Studies investigating the relationship between empagliflozin dose and QTc in the literature are limited and there is no comprehensive study with long-term results. A study by Ring et al. [20] investigated empagliflozin doses of 25 and 200 mg, but found no significant relationship with QTc. It is worth noting that this study was based on data from a 24-hour monitoring period [20]. Treatment of chronic diseases often requires longer-term studies, and our study with a 6-month follow-up suggests that empagliflozin dosing leads to significant changes in QTc, in contrast to the findings of that study. There is one study in the literature suggesting that empagliflozin may prevent QTc prolongation induced by amitriptyline. However, this study only used a 10 mg dose [31]. Our study supports the idea that higher doses may produce more favourable results. Another study did not find a direct relationship between empagliflozin dose and cardiovascular effects, but suggested that increasing the dose of empagliflozin because of metabolic disorders associated with glycaemic control would not change cardiovascular effects. In other words, it argues that there is no need to increase the dose for cardiovascular effects and that if dose escalation is needed for metabolic reasons, it should be done accordingly [32]. Our study contributes to these considerations in the literature by emphasising that dose may be independently effective in preventing arrhythmias and by suggesting a new perspective on the need for dose adjustment.

Although the cardiovascular effects of SGLT-2 inhibitors were initially thought to be due to an increase in the amount of fasting ketones in the body, this was not clinically supported [33]. On the other hand, there are articles in the literature investigating how sodium-hydrogen exchanger-1 is inhibited, which is a potent receptor in the renal proximal tubule and myocyte membrane, thus keeping calcium, which causes myocardial toxicity, inside the cell [34, 35]. Another hypothesis is that renal medullary hypoxia is caused by SGLT-2 inhibitors due to increased active sodium reabsorption in the distal convoluted tubule, which leads to the formation of hypoxia-inducible factors, and this brings about the release of erythropoietin. The mass of erythrocytes increases, characterized by an increase in haematocrit, which enhances the provision of oxygen to the myocardium and decreases the mass of the left ventricle [36, 37]. In a review by Talha et al. [38], it was noted that many hypotheses have been put forward for the cardiovascular effects of SGLT-2 inhibitors, but it was argued that the exact mechanism of action is not yet clear. Unfortunately, we could not prove the results that would reveal the cardiac effects of SGLT-2 inhibitors, but we hope that it will be useful in future studies on this topic.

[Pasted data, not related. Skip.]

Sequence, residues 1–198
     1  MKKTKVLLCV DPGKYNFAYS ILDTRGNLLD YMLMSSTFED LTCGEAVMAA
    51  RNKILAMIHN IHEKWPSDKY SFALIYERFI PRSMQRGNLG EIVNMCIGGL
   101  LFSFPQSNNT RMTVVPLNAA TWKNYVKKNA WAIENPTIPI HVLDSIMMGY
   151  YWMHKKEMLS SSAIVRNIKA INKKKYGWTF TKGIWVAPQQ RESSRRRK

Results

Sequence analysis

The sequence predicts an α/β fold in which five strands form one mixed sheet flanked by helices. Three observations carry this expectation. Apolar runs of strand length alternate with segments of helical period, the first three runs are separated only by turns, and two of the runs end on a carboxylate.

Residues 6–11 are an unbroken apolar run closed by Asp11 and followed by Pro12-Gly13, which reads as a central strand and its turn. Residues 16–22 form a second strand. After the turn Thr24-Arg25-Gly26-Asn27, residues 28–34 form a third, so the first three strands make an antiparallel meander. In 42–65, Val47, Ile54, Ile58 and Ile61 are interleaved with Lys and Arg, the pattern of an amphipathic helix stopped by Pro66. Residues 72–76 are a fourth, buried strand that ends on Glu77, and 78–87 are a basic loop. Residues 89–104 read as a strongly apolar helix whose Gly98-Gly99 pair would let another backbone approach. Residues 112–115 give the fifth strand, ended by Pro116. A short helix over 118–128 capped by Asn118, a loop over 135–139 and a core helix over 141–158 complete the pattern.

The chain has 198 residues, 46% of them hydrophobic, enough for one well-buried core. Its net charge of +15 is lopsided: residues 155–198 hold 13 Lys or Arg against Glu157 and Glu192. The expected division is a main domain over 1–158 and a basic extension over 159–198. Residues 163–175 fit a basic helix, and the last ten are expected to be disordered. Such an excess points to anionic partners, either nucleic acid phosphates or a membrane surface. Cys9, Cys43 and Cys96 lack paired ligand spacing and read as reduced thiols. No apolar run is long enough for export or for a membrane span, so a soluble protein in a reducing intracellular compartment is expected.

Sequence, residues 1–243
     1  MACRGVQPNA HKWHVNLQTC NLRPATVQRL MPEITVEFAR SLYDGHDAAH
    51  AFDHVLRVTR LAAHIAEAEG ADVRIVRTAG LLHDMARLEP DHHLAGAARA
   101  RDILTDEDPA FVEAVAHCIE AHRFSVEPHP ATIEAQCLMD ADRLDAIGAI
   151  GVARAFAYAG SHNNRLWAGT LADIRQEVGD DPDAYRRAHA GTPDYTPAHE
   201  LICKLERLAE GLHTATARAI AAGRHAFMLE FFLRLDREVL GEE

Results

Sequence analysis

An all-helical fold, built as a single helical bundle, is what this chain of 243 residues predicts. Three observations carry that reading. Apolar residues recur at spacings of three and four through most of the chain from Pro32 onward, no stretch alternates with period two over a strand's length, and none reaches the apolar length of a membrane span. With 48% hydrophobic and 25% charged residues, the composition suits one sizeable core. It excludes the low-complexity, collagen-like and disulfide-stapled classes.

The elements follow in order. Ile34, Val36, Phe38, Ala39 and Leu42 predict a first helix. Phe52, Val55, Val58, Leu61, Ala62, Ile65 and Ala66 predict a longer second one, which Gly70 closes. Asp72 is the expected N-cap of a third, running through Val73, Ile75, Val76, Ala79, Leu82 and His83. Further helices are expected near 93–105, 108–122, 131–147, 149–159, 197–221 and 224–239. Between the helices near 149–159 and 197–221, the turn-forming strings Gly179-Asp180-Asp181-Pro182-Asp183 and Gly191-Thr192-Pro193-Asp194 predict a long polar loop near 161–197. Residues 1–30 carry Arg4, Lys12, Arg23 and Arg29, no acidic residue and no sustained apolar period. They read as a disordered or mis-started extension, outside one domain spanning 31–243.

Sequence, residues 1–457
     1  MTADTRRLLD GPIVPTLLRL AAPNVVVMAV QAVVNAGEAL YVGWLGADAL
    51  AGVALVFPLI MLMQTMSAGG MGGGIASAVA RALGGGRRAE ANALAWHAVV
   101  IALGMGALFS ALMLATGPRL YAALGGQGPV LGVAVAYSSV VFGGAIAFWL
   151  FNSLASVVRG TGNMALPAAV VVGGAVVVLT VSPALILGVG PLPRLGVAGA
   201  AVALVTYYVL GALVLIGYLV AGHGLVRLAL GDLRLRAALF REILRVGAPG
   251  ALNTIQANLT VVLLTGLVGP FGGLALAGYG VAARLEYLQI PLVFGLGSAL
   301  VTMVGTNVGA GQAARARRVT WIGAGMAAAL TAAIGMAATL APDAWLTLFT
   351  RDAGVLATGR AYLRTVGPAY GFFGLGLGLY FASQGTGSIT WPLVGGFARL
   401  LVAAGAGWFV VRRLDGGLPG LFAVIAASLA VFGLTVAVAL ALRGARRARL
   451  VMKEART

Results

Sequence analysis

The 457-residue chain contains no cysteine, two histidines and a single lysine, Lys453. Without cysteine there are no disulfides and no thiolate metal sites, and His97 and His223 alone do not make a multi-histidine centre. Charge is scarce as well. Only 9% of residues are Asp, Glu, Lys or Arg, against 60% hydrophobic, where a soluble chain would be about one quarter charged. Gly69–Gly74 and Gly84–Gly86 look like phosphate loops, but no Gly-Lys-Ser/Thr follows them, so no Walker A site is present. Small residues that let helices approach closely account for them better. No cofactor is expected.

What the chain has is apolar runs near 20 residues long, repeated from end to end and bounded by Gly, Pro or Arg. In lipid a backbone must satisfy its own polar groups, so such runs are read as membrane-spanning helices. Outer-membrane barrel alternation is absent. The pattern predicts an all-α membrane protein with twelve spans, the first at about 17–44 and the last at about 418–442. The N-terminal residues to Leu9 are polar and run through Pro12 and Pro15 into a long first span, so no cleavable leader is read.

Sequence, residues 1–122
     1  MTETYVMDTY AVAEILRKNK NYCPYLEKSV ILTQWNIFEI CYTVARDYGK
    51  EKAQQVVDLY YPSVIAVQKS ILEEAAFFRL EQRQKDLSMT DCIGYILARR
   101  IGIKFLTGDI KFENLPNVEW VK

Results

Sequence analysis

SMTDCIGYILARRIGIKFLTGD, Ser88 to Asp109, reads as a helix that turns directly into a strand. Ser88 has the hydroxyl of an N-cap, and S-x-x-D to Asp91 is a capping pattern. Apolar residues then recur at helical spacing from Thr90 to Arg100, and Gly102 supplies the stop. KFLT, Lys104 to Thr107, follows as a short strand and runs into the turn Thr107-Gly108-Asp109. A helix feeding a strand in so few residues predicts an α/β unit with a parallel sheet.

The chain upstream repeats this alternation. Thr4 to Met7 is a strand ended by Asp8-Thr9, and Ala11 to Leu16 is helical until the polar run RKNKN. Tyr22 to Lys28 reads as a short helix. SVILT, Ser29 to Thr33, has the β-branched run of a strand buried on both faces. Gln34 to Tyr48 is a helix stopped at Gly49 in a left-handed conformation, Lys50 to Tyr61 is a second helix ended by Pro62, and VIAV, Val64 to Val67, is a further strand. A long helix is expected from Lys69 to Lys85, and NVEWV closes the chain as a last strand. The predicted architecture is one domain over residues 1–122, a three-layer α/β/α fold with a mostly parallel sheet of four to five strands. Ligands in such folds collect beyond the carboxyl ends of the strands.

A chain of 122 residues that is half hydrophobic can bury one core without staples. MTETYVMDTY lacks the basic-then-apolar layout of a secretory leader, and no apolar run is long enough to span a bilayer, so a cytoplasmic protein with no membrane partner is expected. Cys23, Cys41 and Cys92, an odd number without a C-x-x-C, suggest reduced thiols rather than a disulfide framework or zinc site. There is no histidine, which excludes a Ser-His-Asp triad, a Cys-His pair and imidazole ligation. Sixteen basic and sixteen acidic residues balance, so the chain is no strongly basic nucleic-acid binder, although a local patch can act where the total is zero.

The QT, QTc, QTd, Tp-e and Tp-e/QTc values in our research were impaired in CAD and T2DM, as shown in similar studies. However, unlike previous studies, we investigated the response of these parameters to empagliflozin and found that the drug reduced them all. Although the mechanism of empagliflozin’s beneficial effects on the heart has not yet been elucidated, we hope that the results of our study will help to explain this mechanism. In particular, our finding that empagliflozin has a beneficial effect on the cardiac conduction system is a new contribution to the literature.

Very limited cases are studied in this research and there is a need for further publications with more cases. The observation period of the patients in this study was relatively limited. Therefore, multicenter studies with a longer follow-up are needed. In addition, because we did not include T2DM patients without CAD, we could not clarify whether the changes we observed in the ECG occurred in relation to T2DM or CAD, or only when both diseases coexisted. Finally, our study was not sufficient to clarify the mechanism of action of empagliflozin on the cardiovascular system.

5. Conclusions

In conclusion, our study sheds light on the possible advantages of empagliflozin in enhancing ventricular repolarisation factors in patients suffering from T2DM. We observed significant reductions in QTc, QTd, Tp-e and Tp-e/QTc after six months of empagliflozin treatment. These findings suggest that the use of empagliflozin is potentially linked to reduced incidence of ventricular arrhythmias. Further long-term studies need to be carried out to validate these effects and to investigate the underlying mechanisms. In addition to providing glycaemic control, empagliflozin may also have cardiovascular benefits, making it a valuable addition to the treatment options for people with T2DM who are at risk of cardiac complications.

Availability of Data and Materials

The datasets used in the current study are available from the corresponding author upon reasonable request.

Author Contributions

FO, HT and AA designed the research study. HT, AA and HAB performed the research. FO, HT and HAB conducted data collection. FO and HAB provided help and advice on language. AA analyzed the data. FO and HAB wrote the manuscript. AA and HT conducted writing review. All authors contributed to editorial changes in the manuscript. All authors read and approved the final manuscript. All authors have participated sufficiently in the work and agreed to be accountable for all aspects of the work.

Ethics Approval and Consent to Participate

The study was conducted in accordance with the Declaration of Helsinki. This study received ethics approval from Yuzuncu Yıl Universty Hospital Faculty of Medicine University Ethics Committee. The ethics approval number is 2019-09. All individuals have signed informed consent.


Not applicable.


This research received no external funding.

Conflict of Interest

The authors declare no conflict of interest.